Fiction/Myth: “I’m sure the Federal Procurement Data System (FPDS) is useful for contracting officers when they need information. But why should I, as a contractor, care about it?”
Fact: True, the FPDS is helpful to the government policy makers and the government’s contracting team. As FAR 4.602(a) notes, the contract data reported to the FPDS gives agencies a basis for reports to the President, Congress, GAO, and the public, as well as the means to measure the extent to which businesses in certain socio-economic categories (small businesses, service-disabled veteran-owned, HUBZone, etc.) are receiving federal contracts and the effect of Federal contracting on policy and management initiatives (such as for promoting sustainable technologies and products).
But is that all the FPDS can do?
With a few exceptions (such as information about classified contract actions) the information in the FPDS is publicly accessible, in accordance with the Federal Funding Accountability and Transparency Act of 2006. (You can find the FPDS at https://www.fpds.gov.) The contracts covered include all contracts and contract actions over the micro-purchase threshold, including definitive contracts, indefinite delivery contracts, task orders and delivery orders, GSA Federal supply schedules, blanket purchase agreements, and basic ordering agreement.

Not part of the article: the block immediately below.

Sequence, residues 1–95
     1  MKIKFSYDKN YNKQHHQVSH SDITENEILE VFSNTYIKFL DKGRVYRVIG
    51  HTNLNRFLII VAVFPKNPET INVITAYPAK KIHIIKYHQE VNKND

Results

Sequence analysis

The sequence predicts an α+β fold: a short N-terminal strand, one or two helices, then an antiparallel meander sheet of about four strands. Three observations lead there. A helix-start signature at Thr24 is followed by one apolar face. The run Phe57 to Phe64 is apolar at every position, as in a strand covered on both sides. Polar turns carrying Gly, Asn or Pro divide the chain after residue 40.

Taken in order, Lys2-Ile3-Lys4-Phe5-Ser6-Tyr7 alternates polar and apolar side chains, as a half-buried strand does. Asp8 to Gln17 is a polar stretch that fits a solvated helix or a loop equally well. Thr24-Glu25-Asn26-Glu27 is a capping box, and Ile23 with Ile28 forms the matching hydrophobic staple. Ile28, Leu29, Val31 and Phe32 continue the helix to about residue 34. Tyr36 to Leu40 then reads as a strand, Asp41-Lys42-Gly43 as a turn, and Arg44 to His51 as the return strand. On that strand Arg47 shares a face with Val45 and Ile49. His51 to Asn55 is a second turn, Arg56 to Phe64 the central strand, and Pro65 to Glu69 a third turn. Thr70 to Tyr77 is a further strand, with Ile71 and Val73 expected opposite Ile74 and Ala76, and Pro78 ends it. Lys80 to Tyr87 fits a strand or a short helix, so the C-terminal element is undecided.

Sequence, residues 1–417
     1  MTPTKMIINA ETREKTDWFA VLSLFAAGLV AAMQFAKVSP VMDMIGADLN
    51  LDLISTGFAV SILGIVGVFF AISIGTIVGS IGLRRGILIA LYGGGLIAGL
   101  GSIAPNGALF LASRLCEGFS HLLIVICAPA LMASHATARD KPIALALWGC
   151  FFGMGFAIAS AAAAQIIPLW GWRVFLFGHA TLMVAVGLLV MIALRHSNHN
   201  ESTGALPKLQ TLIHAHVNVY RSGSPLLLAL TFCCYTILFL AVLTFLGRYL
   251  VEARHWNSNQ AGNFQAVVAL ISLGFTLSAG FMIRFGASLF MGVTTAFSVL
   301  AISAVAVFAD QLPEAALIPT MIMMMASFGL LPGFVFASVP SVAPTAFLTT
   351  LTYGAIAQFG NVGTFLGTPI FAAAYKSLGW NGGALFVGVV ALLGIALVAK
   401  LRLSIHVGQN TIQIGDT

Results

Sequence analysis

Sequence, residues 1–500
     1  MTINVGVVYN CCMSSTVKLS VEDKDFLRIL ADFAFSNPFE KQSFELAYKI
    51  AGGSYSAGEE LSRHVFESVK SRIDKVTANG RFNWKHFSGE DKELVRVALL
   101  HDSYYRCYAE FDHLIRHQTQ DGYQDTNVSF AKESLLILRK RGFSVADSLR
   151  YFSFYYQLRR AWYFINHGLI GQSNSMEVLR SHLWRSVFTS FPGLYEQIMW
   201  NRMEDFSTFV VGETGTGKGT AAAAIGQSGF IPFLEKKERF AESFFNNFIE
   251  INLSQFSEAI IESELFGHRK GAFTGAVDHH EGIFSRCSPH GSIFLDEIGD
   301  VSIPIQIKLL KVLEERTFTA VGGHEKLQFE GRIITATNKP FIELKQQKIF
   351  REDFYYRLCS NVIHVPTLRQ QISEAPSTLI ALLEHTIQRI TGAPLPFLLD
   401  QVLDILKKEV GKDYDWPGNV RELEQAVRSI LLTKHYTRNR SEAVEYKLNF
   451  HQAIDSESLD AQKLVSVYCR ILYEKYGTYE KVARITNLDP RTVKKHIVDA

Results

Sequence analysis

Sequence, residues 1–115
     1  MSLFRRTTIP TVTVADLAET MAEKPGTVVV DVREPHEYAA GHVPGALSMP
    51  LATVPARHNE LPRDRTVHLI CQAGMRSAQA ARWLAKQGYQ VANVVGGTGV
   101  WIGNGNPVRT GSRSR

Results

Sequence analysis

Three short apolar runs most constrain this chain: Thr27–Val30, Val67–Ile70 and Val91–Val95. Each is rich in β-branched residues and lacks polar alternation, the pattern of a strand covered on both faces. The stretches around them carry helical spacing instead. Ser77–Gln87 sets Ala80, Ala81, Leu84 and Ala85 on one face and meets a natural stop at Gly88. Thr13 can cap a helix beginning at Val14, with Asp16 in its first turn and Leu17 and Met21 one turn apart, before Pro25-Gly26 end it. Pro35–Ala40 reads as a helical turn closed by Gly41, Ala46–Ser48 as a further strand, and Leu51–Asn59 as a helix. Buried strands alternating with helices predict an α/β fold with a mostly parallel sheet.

So why might this information be of interest to a contractor?
Do you care about potential teaming partners, and their qualifications? Would you like to know whether they have performed contracts that will give them helpful past performance credentials that might strengthen your team? And in the other direction, would you like to know whether they are performing contracts that might raise OCI issues?
The FPDS is a good place to start. It won’t answer all your questions, but it will help you know where to look and what to ask.
And what about the “dark side”? Maybe you have similar questions about your competitors. And – here’s where it gets a bit dicey – maybe they have similar questions about you! Don’t you want to make sure the information about you is accurate?
Finally, if you’ve targeted a new business opportunity in a particular agency program, you may find it helpful to know the history of awarded contracts and task orders in that program.
These are all reasons why you might want to look at – and use – the FPDS.
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This is part four of a multi-part series. If you are new to the series, we welcome you to check out part one, two, and three.